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30+ Works 6,116 Members 101 Reviews 13 Favorited

About the Author

Michael Ruhlman was born in 1963 in Cleveland and graduated Duke in 1985 with a BA in literature. His first book, Boy's Themselves (1996), revealed life at an all-boy day school. His second, the Making of a Chef came in 1997 and was re-released in 2009 in a new paperback edition. Michael's other show more published works include The Soul of a Chef (2000), Wooden Boats: In Pursuit of the Perfect Craft at an American Boatyard (2001), and Walk on Water (2003). He co-wrote The French Laundry Cookbook (1999) with Thomas Keller and A Return to Cooking (2002) with Eric Ripert, chef-owner of Le Bernardin. His latest works include Charcuterie: The Craft of Salting, Smoking and Curing (2011) and Salumi: The Craft of Italian Dry Curing (2012), both with Brian Polcyn. (Bowker Author Biography) show less

Includes the names: Michael Ruhlman, by Michael Ruhlman

Image credit: Donna Turner Ruhlman

Works by Michael Ruhlman

Charcuterie (2005) 565 copies, 5 reviews
The Reach of a Chef: Beyond the Kitchen (2006) 413 copies, 5 reviews
House: A Memoir (2005) 114 copies, 3 reviews

Associated Works

Ad Hoc at Home (2009) — Contributor — 646 copies, 7 reviews
Bouchon (2004) — Author — 500 copies, 3 reviews
Best Food Writing 2000 (2000) — Contributor — 60 copies, 1 review
Best Food Writing 2016 (2016) — Contributor — 42 copies, 1 review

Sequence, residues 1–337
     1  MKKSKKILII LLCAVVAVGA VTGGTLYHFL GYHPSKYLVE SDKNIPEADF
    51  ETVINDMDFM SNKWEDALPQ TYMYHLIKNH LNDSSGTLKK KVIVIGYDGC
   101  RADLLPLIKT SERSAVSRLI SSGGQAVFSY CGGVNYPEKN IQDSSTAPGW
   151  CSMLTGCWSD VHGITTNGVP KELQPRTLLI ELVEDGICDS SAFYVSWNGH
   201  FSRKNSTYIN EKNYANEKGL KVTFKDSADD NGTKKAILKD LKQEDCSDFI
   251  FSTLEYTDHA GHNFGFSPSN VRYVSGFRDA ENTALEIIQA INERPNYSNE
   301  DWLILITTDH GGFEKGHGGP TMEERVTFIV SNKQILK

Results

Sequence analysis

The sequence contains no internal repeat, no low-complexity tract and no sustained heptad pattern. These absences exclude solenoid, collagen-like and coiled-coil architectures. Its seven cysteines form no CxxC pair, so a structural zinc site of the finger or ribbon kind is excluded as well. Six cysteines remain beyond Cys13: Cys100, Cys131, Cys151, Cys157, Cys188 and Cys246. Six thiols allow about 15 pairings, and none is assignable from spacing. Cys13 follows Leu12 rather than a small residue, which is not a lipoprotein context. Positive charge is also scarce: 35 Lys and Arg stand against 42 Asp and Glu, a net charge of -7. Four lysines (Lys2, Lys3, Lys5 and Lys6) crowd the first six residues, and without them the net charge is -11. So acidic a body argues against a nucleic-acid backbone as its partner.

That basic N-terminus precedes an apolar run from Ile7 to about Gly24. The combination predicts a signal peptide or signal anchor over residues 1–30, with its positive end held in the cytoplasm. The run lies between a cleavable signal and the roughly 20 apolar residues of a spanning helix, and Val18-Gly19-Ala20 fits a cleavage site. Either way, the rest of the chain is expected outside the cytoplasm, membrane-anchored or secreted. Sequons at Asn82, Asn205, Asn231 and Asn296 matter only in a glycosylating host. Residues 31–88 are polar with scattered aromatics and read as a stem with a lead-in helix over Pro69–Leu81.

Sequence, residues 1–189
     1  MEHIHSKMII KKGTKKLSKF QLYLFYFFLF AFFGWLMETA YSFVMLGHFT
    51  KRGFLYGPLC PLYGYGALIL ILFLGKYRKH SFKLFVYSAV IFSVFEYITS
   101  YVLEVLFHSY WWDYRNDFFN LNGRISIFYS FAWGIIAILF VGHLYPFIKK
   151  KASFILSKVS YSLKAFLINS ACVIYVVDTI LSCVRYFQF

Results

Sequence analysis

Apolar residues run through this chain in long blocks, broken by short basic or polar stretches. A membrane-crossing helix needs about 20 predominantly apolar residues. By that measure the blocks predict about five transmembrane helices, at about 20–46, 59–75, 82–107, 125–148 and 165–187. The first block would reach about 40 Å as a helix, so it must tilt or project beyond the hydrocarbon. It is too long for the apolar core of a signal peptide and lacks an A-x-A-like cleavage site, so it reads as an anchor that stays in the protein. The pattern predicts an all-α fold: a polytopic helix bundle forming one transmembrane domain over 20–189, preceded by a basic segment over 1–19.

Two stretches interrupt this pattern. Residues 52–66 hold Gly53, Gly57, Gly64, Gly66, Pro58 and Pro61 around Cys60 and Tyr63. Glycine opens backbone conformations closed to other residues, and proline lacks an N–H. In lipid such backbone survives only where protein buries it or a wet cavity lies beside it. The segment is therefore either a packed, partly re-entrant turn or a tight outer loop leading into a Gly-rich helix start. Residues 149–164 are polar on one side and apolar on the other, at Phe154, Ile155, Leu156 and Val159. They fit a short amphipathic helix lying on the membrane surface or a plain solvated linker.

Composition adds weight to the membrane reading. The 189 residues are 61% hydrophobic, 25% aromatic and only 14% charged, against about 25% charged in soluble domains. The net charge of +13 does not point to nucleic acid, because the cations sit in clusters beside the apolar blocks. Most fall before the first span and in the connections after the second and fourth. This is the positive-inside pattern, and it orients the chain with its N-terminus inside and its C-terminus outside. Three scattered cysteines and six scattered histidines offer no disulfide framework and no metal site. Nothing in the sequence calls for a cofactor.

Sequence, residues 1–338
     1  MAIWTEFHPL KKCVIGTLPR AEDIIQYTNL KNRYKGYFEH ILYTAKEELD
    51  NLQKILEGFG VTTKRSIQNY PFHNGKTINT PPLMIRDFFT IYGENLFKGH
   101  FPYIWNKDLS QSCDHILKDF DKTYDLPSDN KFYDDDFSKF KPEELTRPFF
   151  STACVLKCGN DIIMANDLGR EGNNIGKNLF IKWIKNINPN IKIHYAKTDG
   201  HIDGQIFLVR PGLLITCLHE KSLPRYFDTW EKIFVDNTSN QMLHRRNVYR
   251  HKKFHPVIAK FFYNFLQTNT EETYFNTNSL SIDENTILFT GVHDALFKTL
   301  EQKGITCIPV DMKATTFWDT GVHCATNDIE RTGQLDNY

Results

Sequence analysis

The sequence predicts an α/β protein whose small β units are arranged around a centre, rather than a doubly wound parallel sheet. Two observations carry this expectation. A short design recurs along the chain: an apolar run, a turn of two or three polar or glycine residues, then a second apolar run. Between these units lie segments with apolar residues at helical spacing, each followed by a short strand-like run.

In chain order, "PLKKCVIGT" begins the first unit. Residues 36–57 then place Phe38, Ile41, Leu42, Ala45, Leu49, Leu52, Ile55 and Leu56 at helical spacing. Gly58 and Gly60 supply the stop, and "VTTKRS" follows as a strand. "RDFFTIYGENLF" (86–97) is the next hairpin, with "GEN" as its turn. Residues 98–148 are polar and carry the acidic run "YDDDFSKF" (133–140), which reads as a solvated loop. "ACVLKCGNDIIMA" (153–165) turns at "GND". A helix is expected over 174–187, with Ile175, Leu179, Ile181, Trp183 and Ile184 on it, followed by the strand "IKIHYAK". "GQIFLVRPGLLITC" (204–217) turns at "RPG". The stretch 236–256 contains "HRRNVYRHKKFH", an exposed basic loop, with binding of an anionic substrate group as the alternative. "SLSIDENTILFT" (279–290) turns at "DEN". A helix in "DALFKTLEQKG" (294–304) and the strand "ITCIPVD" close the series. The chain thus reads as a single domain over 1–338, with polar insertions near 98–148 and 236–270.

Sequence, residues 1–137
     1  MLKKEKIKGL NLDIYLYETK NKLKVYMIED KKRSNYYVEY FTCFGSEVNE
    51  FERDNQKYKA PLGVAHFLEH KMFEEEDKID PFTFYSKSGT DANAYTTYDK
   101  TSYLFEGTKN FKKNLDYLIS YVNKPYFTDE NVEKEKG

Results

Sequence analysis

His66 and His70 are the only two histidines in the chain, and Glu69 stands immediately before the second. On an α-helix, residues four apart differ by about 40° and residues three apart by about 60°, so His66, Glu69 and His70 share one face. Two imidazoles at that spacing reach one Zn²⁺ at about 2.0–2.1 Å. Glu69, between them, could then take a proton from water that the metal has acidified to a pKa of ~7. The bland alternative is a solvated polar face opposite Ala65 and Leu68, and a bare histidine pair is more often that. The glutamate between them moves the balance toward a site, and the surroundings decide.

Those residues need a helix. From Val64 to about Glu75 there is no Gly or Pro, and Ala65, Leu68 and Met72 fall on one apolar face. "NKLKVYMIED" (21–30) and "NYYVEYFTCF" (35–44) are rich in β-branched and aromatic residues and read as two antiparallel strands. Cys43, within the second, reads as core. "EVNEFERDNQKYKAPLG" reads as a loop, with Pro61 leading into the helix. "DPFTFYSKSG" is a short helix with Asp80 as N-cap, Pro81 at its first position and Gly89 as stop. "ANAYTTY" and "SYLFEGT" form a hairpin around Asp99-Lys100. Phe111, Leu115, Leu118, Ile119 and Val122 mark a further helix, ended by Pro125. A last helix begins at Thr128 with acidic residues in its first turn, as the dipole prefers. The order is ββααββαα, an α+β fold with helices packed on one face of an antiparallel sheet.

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Michael Ruhlman's "The Reach of a Chef" in Food History (October 2011)

Reviews

This review was written for LibraryThing Early Reviewers.
I don't usually read short stories -- I'm more a novel-type of person. However, I was curious about this collection, because my kids went to college in Cleveland, Ohio, so I'm familiar with some of the geographical areas featured in the collection. Of the 15 stories, only two would rate lower than five stars for me, and those would still get four stars. So I give the collection an overall rating of five stars.

This collection is appropriately titled "Noir" because the stories are indeed dark. Some are disturbingly dark; some have very clever twists that elicited a "whoa" from me. Overall, I thoroughly enjoyed the stories!… (more)
 
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niaomiya | 14 other reviews | Jul 8, 2024 |
I love Ruhlman's way of focusing on technique behind the recipe, and Egg is no exception. He takes skills and utility of eggs and breaks them down by how they're used, and different applications of each.

I'm basically making my Valentine's Day dinner egg-centric because of this book. It's lovely!
 
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theOsteoholic | 3 other reviews | Dec 24, 2023 |
I'm going to be honest, I received this book through a Goodreads Giveaway. I went into this book thinking it was going to be very dry. Ruhlman did an amazing job providing recipes with interesting history, and personal stories.